Natural gas pipeline continues construction through opposition

Construction of the Mountain Valley Pipeline, an interstate natural gas pipeline, near Cowen, West Virginia, July 15, 2018.

After a ruling in its favor from the Supreme Court at the end of July, it appeared that construction on the 303-mile natural gas Mountain Valley Pipeline could continue unhindered in Virginia. Not so.

The Supreme Court decision settled objections to a provision congressional Republicans had slipped into the debt ceiling bill passed in June. The provision directed government agencies to grant the needed permits for the pipeline’s completion. It moved jurisdiction over the pipeline from the Fourth Circuit Court – which had ruled against it in several cases – to the D.C. federal court.

Environmental groups came together and filed another lawsuit with the Fourth Circuit, saying the congressional action was unconstitutional. Mountain Valley responded by appealing the case to the Supreme Court, which ruled in its favor on July 27.

Builders resumed construction on Aug. 4, with the project 94% complete and 20 linear miles left – but not without opposition.

Landowners Cletus and Beverly Bohon tried to fight the pipeline’s installation on their land, and a district court ruled against them in Sept. 2022, according to Law360, a database for real estate law. They appealed the court’s decision in April. They filed a brief Wednesday asking the Fourth Circuit to “overturn the decision of the Western Virginia district court handing over nearly three acres of their land to Mountain Valley Pipeline.”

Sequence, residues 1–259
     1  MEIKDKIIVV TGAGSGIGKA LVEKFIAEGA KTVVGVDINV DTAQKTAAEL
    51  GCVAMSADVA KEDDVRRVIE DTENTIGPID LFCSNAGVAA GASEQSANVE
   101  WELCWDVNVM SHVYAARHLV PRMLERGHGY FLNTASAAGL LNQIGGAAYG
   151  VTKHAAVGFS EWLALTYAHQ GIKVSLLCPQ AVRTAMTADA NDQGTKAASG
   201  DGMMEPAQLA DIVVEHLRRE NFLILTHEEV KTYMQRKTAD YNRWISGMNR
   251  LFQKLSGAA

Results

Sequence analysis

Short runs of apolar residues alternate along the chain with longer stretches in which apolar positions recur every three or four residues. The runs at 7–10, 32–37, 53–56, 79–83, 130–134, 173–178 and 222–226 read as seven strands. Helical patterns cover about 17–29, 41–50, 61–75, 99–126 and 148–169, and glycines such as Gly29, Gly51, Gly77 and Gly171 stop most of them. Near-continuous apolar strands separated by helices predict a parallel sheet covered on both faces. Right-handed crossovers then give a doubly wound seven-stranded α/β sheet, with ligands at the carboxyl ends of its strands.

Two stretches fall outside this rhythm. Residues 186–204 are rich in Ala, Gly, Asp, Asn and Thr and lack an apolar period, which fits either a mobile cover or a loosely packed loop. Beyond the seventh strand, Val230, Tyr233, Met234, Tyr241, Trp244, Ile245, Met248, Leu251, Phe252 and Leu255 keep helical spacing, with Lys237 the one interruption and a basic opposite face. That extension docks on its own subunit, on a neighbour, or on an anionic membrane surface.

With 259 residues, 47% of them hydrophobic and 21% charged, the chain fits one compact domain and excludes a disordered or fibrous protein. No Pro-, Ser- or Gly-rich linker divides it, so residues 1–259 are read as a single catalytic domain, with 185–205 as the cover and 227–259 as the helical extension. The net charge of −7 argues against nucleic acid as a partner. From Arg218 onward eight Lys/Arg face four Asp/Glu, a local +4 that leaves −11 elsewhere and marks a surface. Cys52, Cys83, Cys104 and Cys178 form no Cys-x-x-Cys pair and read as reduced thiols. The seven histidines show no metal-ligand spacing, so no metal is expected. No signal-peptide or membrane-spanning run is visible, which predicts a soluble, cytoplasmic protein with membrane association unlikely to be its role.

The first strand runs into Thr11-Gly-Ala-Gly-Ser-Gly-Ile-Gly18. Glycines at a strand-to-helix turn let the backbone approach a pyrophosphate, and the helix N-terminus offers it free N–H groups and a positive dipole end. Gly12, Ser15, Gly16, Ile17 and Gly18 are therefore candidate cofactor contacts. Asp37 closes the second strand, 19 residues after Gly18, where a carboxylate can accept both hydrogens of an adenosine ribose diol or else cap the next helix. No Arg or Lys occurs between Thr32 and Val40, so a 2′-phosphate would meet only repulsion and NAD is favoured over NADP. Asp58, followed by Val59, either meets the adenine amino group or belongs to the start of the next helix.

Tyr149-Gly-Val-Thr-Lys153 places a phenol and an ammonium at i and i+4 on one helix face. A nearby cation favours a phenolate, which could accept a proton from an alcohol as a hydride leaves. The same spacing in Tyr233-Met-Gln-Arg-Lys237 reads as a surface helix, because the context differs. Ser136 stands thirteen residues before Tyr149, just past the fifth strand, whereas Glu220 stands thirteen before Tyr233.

The Supreme Court also isn’t done hearing about the pipeline. The Bohons are part of another lawsuit with other landowners that “challenges the constitutionality of a law that allows private companies to take people’s land,” according to Law360. That suit is pending in the court.

On Aug. 11, the federal Pipeline and Hazardous Materials Safety Administration issued a Notice of Proposed Safety Order advising Equitrans Midstream, which owns the pipeline, to address the agency’s concerns over corrosion and land movement.

“We expect federal and state regulators will continue to audit our construction practices during the next few months, and we welcome their expertise and oversight,” said Natalie Cox, a spokesperson for Mountain Valley.

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